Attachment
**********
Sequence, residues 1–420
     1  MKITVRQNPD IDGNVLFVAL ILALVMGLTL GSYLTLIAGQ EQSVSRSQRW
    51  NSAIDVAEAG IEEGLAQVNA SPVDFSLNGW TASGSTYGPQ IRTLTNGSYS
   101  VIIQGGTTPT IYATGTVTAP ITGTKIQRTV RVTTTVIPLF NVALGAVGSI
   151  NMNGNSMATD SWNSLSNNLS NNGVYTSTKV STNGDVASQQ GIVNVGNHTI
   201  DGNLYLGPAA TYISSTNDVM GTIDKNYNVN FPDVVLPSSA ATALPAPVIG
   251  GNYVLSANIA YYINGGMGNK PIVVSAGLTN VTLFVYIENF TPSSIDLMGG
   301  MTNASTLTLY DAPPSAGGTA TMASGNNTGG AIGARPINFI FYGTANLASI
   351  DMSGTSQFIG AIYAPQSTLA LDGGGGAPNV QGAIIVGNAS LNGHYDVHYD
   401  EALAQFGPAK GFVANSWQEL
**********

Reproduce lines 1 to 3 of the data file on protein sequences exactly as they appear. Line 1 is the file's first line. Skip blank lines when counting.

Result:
Sequence, residues 1–420
     1  MKITVRQNPD IDGNVLFVAL ILALVMGLTL GSYLTLIAGQ EQSVSRSQRW
    51  NSAIDVAEAG IEEGLAQVNA SPVDFSLNGW TASGSTYGPQ IRTLTNGSYS